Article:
Re: [git pull] vfs.git - including i_mutex wrappers

From: Dave Chinner
Date: Sat Jan 23 2016 - 19:53:57 EST

On Sat, Jan 23, 2016 at 11:09:44PM +0000, Al Viro wrote:
> On Sun, Jan 24, 2016 at 09:44:35AM +1100, Dave Chinner wrote:
> > FWIW, I'm not opposed to making such a locking change - I'm more
> > concerned about the fact I'm finding out about plans for such a
> > fundamental locking change from a pull request on the last day of a
> > merge window....
> Look at the commit message (*and* pull request posting) of an earlier vfs.git
> pull request in the beginning of this window. Or into the thread back in

Which one? YOu've sent 8 or 9 pull requests so far this merge
window, and I haven't had time to read all of them closely. Indeed,
you wrote one sentence in a long pull request description that
mentions converting to the inode mutex to a rwsem. Not surprising
that I missed it - I'm sure lots of other people did too....

> May when it had been first proposed (and pretty much the same patch had been
> generated and posted by Linus). Changes needed for parallel ->lookup() had
> been discussed; it was a side branch of one of the RCU symlink threads and
> ISTR your own postings in it.

I don't have the memory of a elephant, and the commit message or
pull requests make no mention of that discussion, nor do I recall
there being any clear resolution in that discussion way back then.
Certainly there's nothing in the the pull req or the commit message
that would make me think "oh, that's what we talked about a year

> Basic scheme: have dentries under ->lookup() marked as such and inserted into
> hash (still negative, obviously) before calling ->lookup(). The method itself
> is called with ->i_mutex replacement taken shared; anyone running into such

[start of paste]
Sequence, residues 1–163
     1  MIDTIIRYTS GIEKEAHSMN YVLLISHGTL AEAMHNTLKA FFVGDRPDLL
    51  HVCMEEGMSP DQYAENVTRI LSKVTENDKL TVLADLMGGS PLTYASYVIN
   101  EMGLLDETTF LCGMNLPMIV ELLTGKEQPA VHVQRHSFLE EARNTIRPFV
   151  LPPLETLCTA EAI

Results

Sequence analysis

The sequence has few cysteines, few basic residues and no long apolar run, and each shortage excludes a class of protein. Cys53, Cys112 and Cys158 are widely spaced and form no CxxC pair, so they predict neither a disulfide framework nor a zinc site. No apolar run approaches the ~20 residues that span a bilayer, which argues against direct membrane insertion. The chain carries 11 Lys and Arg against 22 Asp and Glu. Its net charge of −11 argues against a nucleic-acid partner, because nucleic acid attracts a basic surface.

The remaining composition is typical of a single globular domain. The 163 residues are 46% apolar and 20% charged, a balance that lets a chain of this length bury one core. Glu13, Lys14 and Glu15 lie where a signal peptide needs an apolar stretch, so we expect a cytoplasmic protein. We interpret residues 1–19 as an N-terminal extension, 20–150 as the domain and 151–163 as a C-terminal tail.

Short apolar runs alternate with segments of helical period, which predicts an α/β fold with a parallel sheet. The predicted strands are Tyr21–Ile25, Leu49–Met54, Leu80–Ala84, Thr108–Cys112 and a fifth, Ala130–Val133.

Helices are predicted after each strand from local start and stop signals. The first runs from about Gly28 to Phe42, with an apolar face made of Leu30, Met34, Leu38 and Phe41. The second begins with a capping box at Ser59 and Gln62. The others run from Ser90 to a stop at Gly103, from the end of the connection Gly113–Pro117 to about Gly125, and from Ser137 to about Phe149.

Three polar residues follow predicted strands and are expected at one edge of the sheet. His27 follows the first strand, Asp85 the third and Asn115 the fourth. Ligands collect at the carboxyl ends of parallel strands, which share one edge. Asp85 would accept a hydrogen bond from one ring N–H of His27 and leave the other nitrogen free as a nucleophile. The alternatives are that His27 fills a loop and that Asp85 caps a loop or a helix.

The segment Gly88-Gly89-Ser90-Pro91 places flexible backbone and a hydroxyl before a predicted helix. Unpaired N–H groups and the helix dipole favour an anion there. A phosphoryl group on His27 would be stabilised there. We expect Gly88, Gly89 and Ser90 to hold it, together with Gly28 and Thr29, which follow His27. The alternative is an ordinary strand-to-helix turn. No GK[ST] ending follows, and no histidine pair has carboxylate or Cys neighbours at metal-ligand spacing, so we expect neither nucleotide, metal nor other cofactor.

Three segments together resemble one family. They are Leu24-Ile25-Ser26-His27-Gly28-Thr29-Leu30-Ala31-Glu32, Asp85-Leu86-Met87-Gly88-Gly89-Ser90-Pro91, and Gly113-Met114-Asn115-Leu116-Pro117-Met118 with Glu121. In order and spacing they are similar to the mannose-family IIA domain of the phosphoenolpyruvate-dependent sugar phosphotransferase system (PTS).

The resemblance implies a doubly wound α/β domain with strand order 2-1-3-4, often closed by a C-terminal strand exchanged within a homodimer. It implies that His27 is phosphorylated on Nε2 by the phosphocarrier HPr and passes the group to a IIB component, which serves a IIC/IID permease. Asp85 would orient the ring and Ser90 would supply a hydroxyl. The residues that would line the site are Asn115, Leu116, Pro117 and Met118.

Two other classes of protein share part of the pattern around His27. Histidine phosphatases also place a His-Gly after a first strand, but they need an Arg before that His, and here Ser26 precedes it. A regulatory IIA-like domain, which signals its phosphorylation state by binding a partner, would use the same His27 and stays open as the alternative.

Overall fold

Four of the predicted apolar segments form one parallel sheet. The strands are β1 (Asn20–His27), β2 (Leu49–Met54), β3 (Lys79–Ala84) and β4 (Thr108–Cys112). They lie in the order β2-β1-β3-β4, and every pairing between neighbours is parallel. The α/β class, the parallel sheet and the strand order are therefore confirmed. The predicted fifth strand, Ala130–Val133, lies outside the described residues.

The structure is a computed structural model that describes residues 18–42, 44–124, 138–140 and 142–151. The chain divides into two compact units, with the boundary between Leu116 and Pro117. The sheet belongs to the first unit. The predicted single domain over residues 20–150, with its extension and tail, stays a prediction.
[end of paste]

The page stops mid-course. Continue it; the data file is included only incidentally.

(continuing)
> dentry in dcache lookup will wait (on parent directory ->i_mutex queue,
> explicitly kicked once ->lookup() is done) and repeat dcache lookup. In
> case when the current code would've silently freed ->lookup() argument (error
> or "I've used an existing dentry") the thing will be unhashed and dropped,
> without ever losing the "it's under lookup" flag. Primitives like
> d_splice_alias() would remove the flag in question.
> Anyone running into such sucker in RCU mode should treat it as "dcache miss,
> need to fall back to non-lazy mode". Flag (as all dentry flags) protected
> by ->d_lock.
> If a filesystem simply wants to preserve the existing exclusion, it should
> add a private per-inode mutex and take it in its ->lookup() instance; all
> other methods will still get exclusion on ->i_mutex replacement.
> There will be interesting prereqs, but for XFS it's a non-issue. Now,
> something like ceph or lustre... <shudder> Again, for XFS (for any
> normal Unix filesystems, really) no extra exclusion should be needed.
> readdir() is another potential target for weaker exclusion (i.e. switching
> it to taking that thing shared), but that's a separate story and I'd prefer
> to deal with ->lookup() first. There are potentially hairy issues around
> the instances that pre-seed dcache and I don't want to mix them into the
> initial series.

So you're doing this for purely to enable lookup concurrency, not
for anyone else to be able to use the inode lock as a read/write
lock? Can anyone use the inode rwsem as a read/write lock for their
own purposes? If so, we can probably use it to replace the XFS
IOLOCK and so effectively remove a layer of locking in various
XFS IO paths. What's the policy you are proposing here?


Dave Chinner